All of them complain about a partner who has checked out.
A loss of connection.
A lack of attention.
A feeling of "I deserve better than this."
A loss of identity.
A yearning for an escape.
I have no doubt in my mind that the men in these relationships feel the same way. In fact, I had many of these same complaints in my own marriage.
"The most important thing a father can do for his children is to love their mother."
~ Theodore Hesburgh
The fact is, raising small children is extremely difficult work. As the parents of the children, there has to be a stronger effort to stay connected, to listen, to be attentive, to show appreciation, to take time for each other AND for ourselves. So many of us lose ourselves in our children. So many of us parents today are trying to be more attentive, more allowing, more something better than MY parents did for me.
And when we do that, I think we're sacrificing a big part of ourselves, aren't we?
We're losing ourselves. One of my girlfriends told me she "deifies" her children. When we do that, doesn't that mean we're nothing but slaves to our children? Nothing but mere worshipers to their every whim, need and desire?
Maybe what I'm saying here sounds blasphemous to new parents or even newly single parents. I remember feeling that way. I remember those first few days without my girls... as a new mom... as a newly single mom... I thought I would die. They were my very soul, my lifeline, the blood that coursed through my veins.
Then one day, I thought, "Ok, I need to do something for me. Something that makes me feel like ME again." I felt guilty about it. How dare I do something I enjoy that takes me away from my children!
Then I got over it eventually.
Well, ok, I still have those mom-guilt ridden moments...
Now, because I nurture me, I feel like a better parent than I was before. Sure, I'm a *different* parent. There are lots of things I wish I could do for my girls. Because of lack of time or money or the fact that there's only one of me and two of them, I can't always do those things. But you know what? They're doing JUST FINE. In fact, they're blossoming into two intelligent, mature, sweet, caring, independent young girls who appreciate the things I AM able to do for them.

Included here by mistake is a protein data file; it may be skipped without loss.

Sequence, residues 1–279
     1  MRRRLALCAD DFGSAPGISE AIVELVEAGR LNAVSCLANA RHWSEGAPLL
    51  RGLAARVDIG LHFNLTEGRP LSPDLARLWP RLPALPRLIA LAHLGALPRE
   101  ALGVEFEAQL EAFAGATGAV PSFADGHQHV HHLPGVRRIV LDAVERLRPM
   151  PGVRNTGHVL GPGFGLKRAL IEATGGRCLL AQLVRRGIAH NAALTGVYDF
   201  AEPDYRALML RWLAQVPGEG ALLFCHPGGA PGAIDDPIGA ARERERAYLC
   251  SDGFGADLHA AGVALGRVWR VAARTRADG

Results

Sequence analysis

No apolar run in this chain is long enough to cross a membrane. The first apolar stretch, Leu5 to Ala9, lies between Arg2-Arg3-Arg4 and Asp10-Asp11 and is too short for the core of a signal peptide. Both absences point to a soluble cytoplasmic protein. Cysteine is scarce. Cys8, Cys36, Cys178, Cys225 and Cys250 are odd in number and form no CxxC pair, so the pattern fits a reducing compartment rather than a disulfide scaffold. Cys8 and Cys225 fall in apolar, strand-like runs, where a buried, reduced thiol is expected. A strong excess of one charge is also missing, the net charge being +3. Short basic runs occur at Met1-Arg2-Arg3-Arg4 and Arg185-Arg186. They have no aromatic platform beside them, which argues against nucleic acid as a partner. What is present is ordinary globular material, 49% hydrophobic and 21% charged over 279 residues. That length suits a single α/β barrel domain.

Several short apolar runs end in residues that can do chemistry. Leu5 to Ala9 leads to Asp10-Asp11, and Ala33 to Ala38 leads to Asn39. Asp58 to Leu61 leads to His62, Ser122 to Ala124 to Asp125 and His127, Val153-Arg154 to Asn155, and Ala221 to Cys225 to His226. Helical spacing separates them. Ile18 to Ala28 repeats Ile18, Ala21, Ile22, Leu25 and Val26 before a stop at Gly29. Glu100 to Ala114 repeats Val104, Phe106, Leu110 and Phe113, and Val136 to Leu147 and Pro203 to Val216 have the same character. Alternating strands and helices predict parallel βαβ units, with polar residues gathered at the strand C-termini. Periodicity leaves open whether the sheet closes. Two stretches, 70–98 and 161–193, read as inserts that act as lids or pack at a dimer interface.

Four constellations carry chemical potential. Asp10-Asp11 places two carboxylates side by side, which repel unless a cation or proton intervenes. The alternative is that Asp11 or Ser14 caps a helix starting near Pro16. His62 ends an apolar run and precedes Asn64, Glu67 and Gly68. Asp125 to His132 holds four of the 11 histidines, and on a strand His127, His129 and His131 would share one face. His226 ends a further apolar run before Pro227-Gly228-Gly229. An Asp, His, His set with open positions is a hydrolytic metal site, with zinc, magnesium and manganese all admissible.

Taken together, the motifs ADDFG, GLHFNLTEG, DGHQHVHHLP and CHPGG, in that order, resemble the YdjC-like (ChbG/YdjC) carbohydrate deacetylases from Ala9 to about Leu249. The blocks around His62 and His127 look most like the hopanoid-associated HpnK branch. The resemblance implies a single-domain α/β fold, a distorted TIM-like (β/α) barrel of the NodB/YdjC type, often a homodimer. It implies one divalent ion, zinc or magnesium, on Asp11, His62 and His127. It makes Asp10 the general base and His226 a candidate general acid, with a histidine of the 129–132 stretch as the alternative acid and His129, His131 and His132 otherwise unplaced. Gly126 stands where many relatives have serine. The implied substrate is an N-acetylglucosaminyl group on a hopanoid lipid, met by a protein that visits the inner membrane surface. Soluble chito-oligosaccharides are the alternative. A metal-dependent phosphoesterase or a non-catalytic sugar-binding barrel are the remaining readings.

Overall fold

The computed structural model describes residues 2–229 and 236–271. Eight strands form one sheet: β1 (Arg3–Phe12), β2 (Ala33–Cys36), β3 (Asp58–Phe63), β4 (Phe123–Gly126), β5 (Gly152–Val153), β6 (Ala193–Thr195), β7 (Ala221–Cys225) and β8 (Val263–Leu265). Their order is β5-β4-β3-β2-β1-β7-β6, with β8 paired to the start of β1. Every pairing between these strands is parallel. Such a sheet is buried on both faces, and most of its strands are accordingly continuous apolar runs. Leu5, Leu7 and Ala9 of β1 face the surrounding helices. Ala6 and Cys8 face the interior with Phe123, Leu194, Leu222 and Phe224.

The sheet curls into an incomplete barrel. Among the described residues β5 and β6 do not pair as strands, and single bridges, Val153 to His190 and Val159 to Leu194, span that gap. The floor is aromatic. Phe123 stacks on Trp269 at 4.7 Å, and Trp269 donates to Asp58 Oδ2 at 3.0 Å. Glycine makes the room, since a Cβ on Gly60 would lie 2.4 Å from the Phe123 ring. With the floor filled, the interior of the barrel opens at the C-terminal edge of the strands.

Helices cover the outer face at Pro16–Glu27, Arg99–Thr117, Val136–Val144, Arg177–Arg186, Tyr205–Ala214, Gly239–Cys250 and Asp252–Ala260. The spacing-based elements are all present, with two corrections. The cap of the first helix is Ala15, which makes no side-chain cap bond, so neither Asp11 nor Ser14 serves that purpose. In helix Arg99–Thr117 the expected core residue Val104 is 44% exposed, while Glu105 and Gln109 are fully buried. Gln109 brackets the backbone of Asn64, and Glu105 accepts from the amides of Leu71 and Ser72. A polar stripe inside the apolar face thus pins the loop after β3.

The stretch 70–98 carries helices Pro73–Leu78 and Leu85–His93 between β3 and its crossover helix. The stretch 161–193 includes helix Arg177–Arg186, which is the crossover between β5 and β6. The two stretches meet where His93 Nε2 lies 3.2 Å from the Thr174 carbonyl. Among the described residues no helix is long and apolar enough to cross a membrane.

I am a better me to my man too. We're both parents but we take time for each other. We both realize the value in staying connected to each other. We both recognize that date nights MUST BE HAD. Time together is very important. Time alone, even from each other, helps us stay sane.
The sad part is that each of us had to move on from past relationships where we *didn't* do that in order to see the value in it.
And come to think of it, I think losing yourself PERIOD is probably the leading cause of relationship demise. Many of us, parents or not, lose ourselves in our partner and forget to nurture ourselves.
Ya know how, when you're on an airplane and they're going over the safety features of the plane, they always say,
"In case of emergency, oxygen masks will drop from overhead. For those traveling with small children, be sure to fasten your own mask before assisting your child."
And that whole "it takes a village" to raise a child?
Well, hey, as cliche as they sound, I've come to realize they're true.
- Take care of yourself first or you're no good to your child or anyone else. Find an outlet of pleasure that isn't harmful to your relationship with your partner or yourself. Eat healthily. Exercise.
- Ask for help. Then ALLOW others to help you.
- Let some things go. I promise the mess will still be there tomorrow. Even better than that, reward your children for picking up their own messes.
- Say "no" sometimes. To those things that push you into overwhelm mode. To your children. I promise they'll survive.
- Laugh more. Alone. With your partner. With your friends. Then you'll find yourself laughing more with your children.
- Get a babysitter and get your 'bow chica bow wow' on with your partner. Go see a movie. Hold hands and take a walk through the park. Sit quietly on your patio and stare at the stars. You don't even have to talk.
These things take effort on the part of BOTH parents. Unfortunately, we're not taught these things. We're not warned. We're not even aware.
I'm no divorce counselor but I do know that if more parents of small children did these things, I think the divorce rate would decrease and there would be a lot more happier people.
Big people AND little people.
***Coincidentally, I wrote this blog post and then saw Shrek Forever After that evening. The movie's focus was this exact same topic.***